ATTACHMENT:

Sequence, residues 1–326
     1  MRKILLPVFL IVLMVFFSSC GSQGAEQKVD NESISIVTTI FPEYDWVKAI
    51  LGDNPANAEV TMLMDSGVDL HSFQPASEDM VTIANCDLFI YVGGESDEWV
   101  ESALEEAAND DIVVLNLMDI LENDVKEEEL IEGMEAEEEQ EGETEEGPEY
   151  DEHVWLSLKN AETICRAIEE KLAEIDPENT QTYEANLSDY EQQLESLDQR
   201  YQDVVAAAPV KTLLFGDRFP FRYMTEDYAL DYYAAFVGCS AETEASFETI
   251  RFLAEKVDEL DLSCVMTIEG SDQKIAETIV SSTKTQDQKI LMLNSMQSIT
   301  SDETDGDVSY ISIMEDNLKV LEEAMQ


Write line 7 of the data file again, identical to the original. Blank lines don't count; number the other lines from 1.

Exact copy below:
   251  RFLAEKVDEL DLSCVMTIEG SDQKIAETIV SSTKTQDQKI LMLNSMQSIT